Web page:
Introduction: Coronary CT angiography (CCTA) can provide comprehensive information of the coronary arteries, including the identification of coronary plaques, determination of stenosis severity and morphological characterization of plaques with regard to the presence or absence of calcification – all of which have been linked to the pathogenesis of coronary artery disease (CAD). It is also possible to calculate the pericardial fat volume (PFV) using CCTA; however the relationship of PFV to CAD has been controversial. The aim of this study was to evaluate the relationship between PFV and these indicators of CAD in asymptomatic and symptomatic population-based cohorts.
Method and Results: The CCTA scans of asymptomatic (383) people and symptomatic (549) patients were examined. The symptomatic patients were part of the “Cardiac cT in the treatment of acute Chest pain” (CATCH) trial and were admitted on suspicion of acute coronary syndrome with a normal electrocardiogram and troponins. The asymptomatic cohort was taken randomly from the Copenhagen General Population Study. Measurements were made on the PFV, stenosis grading, plaque characteristics, and coronary artery calcium (CAC) scores. Relations between PFV and the indicators of CAD were assessed using logistic regression.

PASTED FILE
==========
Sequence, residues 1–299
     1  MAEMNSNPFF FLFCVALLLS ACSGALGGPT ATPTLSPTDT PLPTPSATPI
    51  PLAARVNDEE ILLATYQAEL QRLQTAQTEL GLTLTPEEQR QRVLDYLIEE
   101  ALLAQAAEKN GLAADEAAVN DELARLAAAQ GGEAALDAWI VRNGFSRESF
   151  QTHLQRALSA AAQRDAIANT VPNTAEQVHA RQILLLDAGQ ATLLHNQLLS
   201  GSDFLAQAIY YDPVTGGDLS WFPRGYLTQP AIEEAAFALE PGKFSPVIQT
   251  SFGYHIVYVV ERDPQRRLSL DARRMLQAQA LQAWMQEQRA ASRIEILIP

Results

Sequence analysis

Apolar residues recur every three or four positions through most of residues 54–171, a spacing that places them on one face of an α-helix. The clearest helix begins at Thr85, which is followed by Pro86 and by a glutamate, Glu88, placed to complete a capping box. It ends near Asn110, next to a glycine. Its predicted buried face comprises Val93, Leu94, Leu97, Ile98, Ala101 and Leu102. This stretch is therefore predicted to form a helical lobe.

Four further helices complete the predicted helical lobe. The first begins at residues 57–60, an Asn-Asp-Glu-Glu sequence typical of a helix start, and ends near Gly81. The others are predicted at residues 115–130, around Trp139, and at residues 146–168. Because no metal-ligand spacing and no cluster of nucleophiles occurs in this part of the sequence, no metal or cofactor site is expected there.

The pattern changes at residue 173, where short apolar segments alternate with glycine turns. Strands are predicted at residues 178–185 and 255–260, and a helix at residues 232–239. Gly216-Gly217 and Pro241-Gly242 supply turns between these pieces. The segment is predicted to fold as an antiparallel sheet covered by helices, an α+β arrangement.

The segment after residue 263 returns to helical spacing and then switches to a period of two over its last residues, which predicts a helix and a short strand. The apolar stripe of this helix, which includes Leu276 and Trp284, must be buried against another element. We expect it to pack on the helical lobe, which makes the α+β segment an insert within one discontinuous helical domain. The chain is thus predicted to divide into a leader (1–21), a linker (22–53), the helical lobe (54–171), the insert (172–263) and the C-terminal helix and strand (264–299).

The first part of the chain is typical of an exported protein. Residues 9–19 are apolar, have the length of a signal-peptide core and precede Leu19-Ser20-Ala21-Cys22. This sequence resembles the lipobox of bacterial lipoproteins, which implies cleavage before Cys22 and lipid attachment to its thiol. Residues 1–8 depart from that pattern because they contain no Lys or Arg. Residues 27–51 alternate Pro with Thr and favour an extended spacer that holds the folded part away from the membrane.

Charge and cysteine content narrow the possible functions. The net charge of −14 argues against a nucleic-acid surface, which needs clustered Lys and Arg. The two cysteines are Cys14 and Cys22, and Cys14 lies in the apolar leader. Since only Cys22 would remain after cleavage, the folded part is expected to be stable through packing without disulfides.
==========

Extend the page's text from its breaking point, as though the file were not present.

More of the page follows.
In the symptomatic population, 59% of the patients had atherosclerosis present, compared to 73% in the asymptomatic population. Symptomatic patients with atherosclerosis had a significantly higher mean PFV (142.96 mL) compared to those without (111.22 mL, P<0.001). A significant difference was also detected in the asymptomatic population (199.32 mL vs. 171.5 mL, P=0.079). When adjusting for age, gender, and BMI, a larger PFV was significantly associated with atherosclerosis in symptomatic patients (P=0.044), but not asymptomatic patients (P=0.358). PFV was not a predictor of significant coronary artery stenosis (≥70%) in either population, although in symptomatic patients, increased PFV was independently associated with the presence of noncalcified plaques (P=0.032). There was no relationship between PFV and CAC scores in symptomatic or asymptomatic populations (P=0.403 and P=0.292 respectively).
Conclusion: These findings support the hypothesis that PFV contributes to the presence of coronary atherosclerosis and also can indicate the presence of non-calcified plaques, but only for symptomatic patients. However, PFV cannot predict the degree of stenosis.
This research was supported by the Undergraduate Research Opportunities Program (UROP).
Chmura, Jennifer; Linde, Jesper James; Fuchs, Andreas; Fuglsang Kofoed, Klaus.
Pericardial fat volume as a predictor of atherosclerosis, stenosis severity and plaque composition in symptomatic and asymptomatic populations - a cardiac CT angiography study.
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